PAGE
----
Bingo! The problem is that new divers buy a computer and get no training on how to use it. The manual just gathers dust of gets used as a coaster for those SI beers.

Is this REALLY a case of "VE MUZT TEACH DER TABLES!!!" or is it a case of "we need a better way to teach the PHYSICS behind the tables"?

In my opinion, it is the later. Many people I meet diving, instructors included, just donít really get the physics behind diving to the point where the physical laws are completely understood.

The computers can be used to plan dives, keep track of O2 and N2 loading, off gassing, etc. The can be used to safely monitor shore diving. Tables donít really do a good job of tracking or planning shore dives. Wheels are not easy to use and, because of user, quality, etc. the results are not consistent.

If the physics behind diving are properly taught without frightening the students with the math before the physics are taught and the computers are thoroughly explained and taught, I believe that computer diving is far safer than table diving.

One poster mentioned that the user was locked out of their computer and went back to diving on their tables. Most likely, the computer locked them out for a reason, such as failing to meet a deco obligation, too short a surface interval or some other problem. If the computer fails underwater, the dive is ended. PERIOD.

Just out of curiosity, when diving on tables, how do you keep track of time, depth, etc? Do you use watches, depth gauges and the like? Are they all analog or are they digital? What do you do if one of those fails?



Agreed!

I fear that many divers simply do what the computer says because that's what the computer says. They aren't aware of what the computer is computing and why.

Unless you understand the way the tables work and why they work that way, you can't appreciate / understand what your computer is doing. Ignorance of the processes involved leads divers to so stupid things when their computers fail, such as simply grabbing another one and taking a repetitive dive. Or relying upon their buddy's computer.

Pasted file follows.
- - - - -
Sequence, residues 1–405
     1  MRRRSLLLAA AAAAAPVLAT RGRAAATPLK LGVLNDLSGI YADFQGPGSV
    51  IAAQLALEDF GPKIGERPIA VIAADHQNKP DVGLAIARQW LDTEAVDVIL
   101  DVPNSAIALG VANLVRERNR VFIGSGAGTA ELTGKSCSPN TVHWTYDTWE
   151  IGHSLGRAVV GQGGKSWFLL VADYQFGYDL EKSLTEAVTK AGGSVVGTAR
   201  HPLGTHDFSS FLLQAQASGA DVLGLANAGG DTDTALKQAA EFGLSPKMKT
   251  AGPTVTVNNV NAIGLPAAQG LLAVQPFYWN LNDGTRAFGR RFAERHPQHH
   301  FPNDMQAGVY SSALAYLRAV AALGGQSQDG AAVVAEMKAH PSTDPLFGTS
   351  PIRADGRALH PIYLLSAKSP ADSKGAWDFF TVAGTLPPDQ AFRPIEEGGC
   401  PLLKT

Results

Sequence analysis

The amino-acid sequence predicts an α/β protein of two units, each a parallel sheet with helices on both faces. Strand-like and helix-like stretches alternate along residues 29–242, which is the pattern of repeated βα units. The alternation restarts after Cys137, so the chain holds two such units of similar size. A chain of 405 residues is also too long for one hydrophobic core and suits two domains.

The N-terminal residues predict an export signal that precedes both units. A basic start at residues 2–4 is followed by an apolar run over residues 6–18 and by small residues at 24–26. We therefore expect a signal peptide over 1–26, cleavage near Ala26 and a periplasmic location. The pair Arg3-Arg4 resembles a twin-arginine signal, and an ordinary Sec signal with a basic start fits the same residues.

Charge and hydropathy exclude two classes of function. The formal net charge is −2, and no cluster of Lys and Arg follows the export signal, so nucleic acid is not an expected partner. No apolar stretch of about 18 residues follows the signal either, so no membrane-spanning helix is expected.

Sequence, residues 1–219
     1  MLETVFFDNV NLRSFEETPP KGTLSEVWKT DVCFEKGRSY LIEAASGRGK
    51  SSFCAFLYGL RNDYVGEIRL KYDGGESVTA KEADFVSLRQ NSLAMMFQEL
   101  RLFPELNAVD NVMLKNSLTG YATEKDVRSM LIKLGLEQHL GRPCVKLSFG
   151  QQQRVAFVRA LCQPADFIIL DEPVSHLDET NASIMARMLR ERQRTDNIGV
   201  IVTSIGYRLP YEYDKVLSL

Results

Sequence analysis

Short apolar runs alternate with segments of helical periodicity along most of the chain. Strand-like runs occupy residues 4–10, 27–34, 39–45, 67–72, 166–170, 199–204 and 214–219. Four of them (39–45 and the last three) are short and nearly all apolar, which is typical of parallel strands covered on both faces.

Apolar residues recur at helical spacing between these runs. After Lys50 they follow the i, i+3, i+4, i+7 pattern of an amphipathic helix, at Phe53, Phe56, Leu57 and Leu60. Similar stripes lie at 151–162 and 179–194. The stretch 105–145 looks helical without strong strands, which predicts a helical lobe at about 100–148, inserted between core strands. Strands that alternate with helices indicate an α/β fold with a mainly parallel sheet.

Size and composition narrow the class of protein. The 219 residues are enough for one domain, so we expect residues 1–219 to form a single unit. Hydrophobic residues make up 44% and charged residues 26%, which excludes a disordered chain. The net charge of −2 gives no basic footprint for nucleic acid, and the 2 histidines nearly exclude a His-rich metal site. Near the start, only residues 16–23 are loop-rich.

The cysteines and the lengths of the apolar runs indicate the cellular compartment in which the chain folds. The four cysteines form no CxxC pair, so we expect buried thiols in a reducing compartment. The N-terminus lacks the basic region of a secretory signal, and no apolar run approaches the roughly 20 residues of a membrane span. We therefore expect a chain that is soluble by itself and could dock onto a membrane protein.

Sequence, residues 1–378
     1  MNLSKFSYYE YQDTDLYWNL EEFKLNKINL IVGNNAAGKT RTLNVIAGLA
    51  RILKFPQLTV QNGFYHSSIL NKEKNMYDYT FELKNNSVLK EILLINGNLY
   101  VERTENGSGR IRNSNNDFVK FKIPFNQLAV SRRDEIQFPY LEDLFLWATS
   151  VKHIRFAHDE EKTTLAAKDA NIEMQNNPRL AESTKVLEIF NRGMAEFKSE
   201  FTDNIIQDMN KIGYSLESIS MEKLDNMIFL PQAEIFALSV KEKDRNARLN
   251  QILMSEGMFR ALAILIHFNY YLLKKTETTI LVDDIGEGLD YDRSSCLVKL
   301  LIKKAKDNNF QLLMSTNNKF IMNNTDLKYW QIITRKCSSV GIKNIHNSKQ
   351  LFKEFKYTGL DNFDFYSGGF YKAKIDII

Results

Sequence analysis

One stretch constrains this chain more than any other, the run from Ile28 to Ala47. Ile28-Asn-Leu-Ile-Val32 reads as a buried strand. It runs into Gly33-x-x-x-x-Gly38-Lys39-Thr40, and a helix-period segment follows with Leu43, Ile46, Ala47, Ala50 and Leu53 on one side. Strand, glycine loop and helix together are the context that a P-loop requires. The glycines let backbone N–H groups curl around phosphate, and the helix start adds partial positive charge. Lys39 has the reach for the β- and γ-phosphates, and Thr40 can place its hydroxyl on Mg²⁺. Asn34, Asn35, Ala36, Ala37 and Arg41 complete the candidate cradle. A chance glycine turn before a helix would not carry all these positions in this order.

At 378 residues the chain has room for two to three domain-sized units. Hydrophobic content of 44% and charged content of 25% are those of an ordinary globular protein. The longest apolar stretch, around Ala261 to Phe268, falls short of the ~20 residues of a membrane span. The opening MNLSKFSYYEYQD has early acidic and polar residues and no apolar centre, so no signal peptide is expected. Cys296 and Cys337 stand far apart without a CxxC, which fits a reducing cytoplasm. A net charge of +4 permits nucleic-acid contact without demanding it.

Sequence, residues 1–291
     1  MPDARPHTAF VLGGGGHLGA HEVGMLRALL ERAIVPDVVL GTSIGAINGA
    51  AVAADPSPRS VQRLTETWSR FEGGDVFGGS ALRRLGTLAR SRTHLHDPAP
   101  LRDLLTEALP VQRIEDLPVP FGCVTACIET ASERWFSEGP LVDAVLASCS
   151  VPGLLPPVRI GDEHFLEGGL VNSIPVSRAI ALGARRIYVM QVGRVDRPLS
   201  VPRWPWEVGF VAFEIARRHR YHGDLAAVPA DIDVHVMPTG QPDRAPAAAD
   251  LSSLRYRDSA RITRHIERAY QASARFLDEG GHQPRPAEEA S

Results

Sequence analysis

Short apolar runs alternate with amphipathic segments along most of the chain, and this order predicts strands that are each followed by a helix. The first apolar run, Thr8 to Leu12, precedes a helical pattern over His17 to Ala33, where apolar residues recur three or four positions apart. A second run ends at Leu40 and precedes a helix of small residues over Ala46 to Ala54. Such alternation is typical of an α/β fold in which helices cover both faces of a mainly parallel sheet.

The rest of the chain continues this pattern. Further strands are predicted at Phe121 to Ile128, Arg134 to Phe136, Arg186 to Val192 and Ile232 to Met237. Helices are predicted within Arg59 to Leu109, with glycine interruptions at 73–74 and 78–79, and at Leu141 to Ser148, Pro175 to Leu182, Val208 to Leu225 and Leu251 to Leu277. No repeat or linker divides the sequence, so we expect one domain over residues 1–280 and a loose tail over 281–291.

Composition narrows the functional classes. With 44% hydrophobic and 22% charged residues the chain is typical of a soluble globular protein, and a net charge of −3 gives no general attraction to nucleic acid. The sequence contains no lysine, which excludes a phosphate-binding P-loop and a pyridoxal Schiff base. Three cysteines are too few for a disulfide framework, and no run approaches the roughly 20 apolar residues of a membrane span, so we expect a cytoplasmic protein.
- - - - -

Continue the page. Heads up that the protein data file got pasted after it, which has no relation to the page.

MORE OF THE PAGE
Double-agreed. I've heard too many stories of divers on live-aboards borrowing someone's spare computer because their's was broken... and turned out it was actually locked out for violating deco or something similar. And then there was the story of the guy who got tired of waiting for his computer to clear so he lowered it down to 15' on a rope so it would finish up without him and let him continue diving... oy.

On a personal note, I've met too many recent OW grads who complain they don't know how to use their computer beyond watch depth, watch time, and when it says come up, come up! Planning modes? WAY beyond what they're taught. I think there should be a mandatory 1/2 hr training session for each computer rented. That would at least be a start. And that training session should be repeated each time until the diver can demonstrate to the LDS that they have MASTERY over that particular make of computer.

Kinda along these lines, and I know this is "unreasonable"...It would be nice from a new divers stand point, if before you could purchase a dive computer the dive shop was bound by something...a registration card with PADI, NAUI,SSI... something... and the manufacture, that you had infact been taught the functions and understood them.

That this registration form had to be signed by the purchaser and seller for it to be legally sold. I never got any personal instructions at all on mine. I've had to teach myself everything with a vague manual about my computer. I'm slowly learning, only because I refuse to just use it as a watch and depth gauge.

It is a pain to have to teach yourself this when you are new anyway. Don't get me wrong, I love this Suunto Vyper and as time goes by I learn about another "Partition" so to speak within it. And once I "get it" I've got it, but until that point it is greek.

Firefyter
12-29-2007, 16:24
If the computer fails underwater, the dive is ended. PERIOD.




Why? If you've kept up with your depth, time, and air, and have redundancy, such as a watch and depth guage, you should still be able to finish your dive w/o problems. The computer is supposed to be a tool to assist, not replace, your brain. Of course, a basic knowledge of tables and NDL's is useful to accomplish this.

Firefyter
12-29-2007, 16:30